A few days later, under Leahy’s authority, Robert Murphy negotiated the Murphy-Weygand Agreement, beginning U.S. economic assistance to French North Africa and providing an excuse to station American officials there. The agreement also strengthened Weygand. Leahy wrote to Roosevelt that “[t]he only two persons here who have impressed me as completely devoted to France…are Marshal Pétain and General Weygand.”
Leahy’s first test came in April, when under an earlier agreement Italy demanded 5,000 tons of Algerian gasoline. The ambassador reminded Darlan of their March agreement, so Darlan sent gasoline from occupied France instead. That same month, Leahy journeyed to Marseilles to meet a Red Cross vessel carrying relief supplies. He was deeply moved by the sight of the “frail, gray and undernourished” children.
Leahy reported to Roosevelt that Pétain was very friendly, and the president asked him to visit the marshal often. Pétain seemed to want sympathy, and Leahy glumly concluded that “demands…by the Germans will either be granted…or permitted without active opposition.” The ambassador could not see Pétain alone, and wrote that “as the Marshal retains the authority of an absolute dictator, it is possible for him to take charge…but at the age of eighty-five such action appears improbable.”
In August, Darlan quietly informed Leahy that the Nazis had broken the State Department’s codes, and Leahy switched the embassy to the code system of the U.S. Navy. Leahy noted that the French navy remained neutral and that the Axis still did not have access to French North African bases. Asia was different—on July 15, Darlan advised Leahy that Japan would place forces in Indochina, leaving the French colonial administration basically intact. Leahy also reported that Darlan had probably promised North African bases to the Germans but that Weygand was likely resisting this move.
The next month, Roosevelt and British Prime Minister Winston Churchill signed the Atlantic Charter authorizing a Lend-Lease arrangement between the United States and Britain. At the same time, Pétain decreed an end to political parties within Vichy France, the curtailment of civil liberties and an increase in the country’s police force. Persecution against Jews also continued.
Rumors began to reach Leahy that in the face of intense German pressure, Weygand (now a marshal) was to be retired. The ambassador met with Pétain and argued that the 1940 armistice did not allow Germany to dictate personnel decisions. If Vichy retired Weygand, the United States might cut off assistance and consider a policy “readjustment” between the countries—a serious diplomatic threat.
In response, Pétain described himself as a “prisoner” and said nothing could be done. Weygand was retired two days later, and French forces in North Africa were thereafter controlled directly from Vichy.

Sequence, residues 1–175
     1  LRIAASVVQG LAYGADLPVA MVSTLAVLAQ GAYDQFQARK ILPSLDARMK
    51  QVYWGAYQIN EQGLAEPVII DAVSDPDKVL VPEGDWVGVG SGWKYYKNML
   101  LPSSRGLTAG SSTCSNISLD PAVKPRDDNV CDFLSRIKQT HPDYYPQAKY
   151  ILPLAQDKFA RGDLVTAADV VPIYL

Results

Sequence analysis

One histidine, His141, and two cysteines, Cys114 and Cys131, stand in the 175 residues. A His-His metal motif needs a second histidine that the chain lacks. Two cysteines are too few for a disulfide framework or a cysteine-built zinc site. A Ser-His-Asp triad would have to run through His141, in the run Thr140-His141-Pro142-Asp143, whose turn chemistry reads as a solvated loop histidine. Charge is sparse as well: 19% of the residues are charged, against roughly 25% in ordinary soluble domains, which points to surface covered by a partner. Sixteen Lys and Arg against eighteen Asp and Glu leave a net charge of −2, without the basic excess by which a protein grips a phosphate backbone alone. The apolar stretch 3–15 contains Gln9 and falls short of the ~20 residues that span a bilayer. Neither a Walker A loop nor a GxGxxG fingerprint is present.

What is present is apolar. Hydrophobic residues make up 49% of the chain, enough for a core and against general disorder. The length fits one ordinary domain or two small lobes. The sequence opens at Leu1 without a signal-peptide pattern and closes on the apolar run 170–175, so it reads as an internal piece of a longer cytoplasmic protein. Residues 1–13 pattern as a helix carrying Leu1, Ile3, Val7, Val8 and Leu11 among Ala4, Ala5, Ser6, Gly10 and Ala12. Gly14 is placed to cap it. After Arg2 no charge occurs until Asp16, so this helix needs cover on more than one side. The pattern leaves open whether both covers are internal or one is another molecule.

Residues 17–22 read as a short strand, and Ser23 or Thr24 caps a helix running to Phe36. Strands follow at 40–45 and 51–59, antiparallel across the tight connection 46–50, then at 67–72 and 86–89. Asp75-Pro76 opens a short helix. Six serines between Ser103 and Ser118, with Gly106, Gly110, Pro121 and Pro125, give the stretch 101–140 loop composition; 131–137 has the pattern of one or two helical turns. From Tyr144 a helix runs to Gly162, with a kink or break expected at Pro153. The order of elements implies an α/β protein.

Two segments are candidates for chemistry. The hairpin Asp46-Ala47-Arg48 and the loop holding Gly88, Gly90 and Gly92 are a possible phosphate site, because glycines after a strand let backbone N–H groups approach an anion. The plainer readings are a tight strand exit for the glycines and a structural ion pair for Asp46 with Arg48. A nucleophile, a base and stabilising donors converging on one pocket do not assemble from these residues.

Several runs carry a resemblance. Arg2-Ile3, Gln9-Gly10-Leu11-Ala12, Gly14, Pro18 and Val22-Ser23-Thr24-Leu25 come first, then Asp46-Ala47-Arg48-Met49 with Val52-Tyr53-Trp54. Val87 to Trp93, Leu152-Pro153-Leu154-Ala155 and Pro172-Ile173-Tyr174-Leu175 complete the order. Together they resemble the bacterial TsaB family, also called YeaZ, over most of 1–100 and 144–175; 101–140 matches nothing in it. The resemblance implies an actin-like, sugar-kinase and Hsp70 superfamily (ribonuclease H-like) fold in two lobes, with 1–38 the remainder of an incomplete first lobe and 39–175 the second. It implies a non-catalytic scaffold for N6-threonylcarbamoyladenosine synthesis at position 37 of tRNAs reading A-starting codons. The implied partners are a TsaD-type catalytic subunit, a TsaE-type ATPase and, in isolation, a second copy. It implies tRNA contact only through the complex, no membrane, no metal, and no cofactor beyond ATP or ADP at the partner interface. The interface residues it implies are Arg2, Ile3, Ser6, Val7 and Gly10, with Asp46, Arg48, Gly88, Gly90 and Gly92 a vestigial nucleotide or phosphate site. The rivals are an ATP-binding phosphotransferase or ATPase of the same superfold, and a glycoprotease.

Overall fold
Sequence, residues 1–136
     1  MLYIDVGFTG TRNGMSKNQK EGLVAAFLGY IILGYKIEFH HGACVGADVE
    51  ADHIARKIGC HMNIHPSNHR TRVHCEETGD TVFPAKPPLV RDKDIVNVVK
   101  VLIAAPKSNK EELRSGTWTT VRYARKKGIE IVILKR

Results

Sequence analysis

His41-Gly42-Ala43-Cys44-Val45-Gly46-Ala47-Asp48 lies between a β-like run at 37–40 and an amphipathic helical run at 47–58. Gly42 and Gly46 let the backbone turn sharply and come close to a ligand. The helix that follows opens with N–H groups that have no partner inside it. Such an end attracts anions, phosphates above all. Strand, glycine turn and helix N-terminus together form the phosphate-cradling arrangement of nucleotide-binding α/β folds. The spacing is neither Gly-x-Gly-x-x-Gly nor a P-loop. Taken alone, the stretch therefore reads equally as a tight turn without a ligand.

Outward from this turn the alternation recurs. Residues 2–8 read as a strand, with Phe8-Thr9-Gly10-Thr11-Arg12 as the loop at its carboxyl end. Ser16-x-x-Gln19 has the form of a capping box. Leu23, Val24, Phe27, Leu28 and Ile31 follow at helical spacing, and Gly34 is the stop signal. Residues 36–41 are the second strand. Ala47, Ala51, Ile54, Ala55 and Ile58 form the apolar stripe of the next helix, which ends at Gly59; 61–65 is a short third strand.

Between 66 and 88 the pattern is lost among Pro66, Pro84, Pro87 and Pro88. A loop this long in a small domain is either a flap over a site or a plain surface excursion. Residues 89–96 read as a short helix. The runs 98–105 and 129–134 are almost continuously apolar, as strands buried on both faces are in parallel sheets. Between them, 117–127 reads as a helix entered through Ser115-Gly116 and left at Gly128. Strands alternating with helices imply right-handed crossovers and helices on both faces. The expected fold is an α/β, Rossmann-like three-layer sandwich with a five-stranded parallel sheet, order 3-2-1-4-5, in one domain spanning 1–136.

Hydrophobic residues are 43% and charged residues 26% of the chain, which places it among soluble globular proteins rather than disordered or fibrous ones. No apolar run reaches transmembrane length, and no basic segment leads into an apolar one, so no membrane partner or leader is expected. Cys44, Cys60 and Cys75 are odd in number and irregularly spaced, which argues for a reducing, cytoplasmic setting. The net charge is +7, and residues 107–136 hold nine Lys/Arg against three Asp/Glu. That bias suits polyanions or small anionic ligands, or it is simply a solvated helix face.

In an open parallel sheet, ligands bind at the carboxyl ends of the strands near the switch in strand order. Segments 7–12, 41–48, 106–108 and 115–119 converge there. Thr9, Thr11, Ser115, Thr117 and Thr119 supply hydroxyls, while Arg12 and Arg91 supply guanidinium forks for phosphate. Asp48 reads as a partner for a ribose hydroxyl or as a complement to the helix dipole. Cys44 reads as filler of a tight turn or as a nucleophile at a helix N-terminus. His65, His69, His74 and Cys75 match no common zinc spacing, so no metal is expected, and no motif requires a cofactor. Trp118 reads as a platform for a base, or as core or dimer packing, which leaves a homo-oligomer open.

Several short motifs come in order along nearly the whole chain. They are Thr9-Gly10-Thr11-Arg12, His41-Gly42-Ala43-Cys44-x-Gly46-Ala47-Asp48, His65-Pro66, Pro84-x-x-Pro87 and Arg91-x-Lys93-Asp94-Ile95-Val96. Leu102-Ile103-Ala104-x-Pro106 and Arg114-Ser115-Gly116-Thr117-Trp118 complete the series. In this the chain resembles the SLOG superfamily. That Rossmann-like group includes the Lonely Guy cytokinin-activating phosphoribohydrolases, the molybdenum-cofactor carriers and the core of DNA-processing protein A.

Leahy boiled over in his report to Roosevelt, saying that “the Government…[is] headed by a feeble, frightened old man surrounded by conspirators devoted to the Axis.”
News of the Japanese attack on Pearl Harbor on December 7, 1941, was especially painful for Leahy, a career Navy man. The battleships Nevada and California and the minelayer Oglala had been sunk, and the cruiser Raleigh was badly damaged. Leahy had served on Nevada as a commander, on Oglala as its captain, on Raleigh as a rear admiral, and on California as a full admiral. Virtually his entire naval career now lay at the bottom of Pearl Harbor.
The next morning, worried that the Germans might have their Vichy puppets make random arrests, Leahy reexamined escape and document destruction plans. The embassy officially informed the Vichy government of America’s declaration of war on Japan. Leahy also wrote Under Secretary of State Sumner Welles and said he was prepared to return to active naval service.
When Germany declared war on the United States shortly thereafter, Leahy told Pétain and Darlan that further French concessions to the Axis would be considered belligerent acts. The Vichy officials responded that their government wished to stay neutral but was powerless to resist German demands. Leahy was ordered to transfer 85 important officers and several files to the U.S. embassy in Switzerland. He also arranged for the Swiss to assume U.S. representation in Vichy should the embassy close.
On Christmas Eve 1941, forces loyal to Charles de Gaulle’s Free France movement forcibly liberated St. Pierre and Miquelon, two French islands near Canada, and gained the population’s endorsement in a subsequent election. For U.S. officials, it was a touchy diplomatic situation at first. Secretary of State Cordell Hull, hoping to appease the Vichy government in France, condemned the action and demanded a return to the status quo on the islands. But Roosevelt, despite his dislike of de Gaulle, was savvy enough to ultimately not argue with the results.
Still, the president wanted a better sense of the various factions within France and turned to Leahy. In a report to the president, Leahy noted that French politics revolved around five individuals. First, there was Pétain, pro-American but powerless. Lurking in the background was Pierre Laval, a pro-German. Third was Darlan, the consummate opportunist. Fourth, de Gaulle, dismissed by Leahy as “thirsting for power” and “little different” politically from Vichy. Finally, there was the forcibly retired Weygand, whose resistance against Germany, though less than de Gaulle’s, seemed to count for more with Roosevelt and Leahy.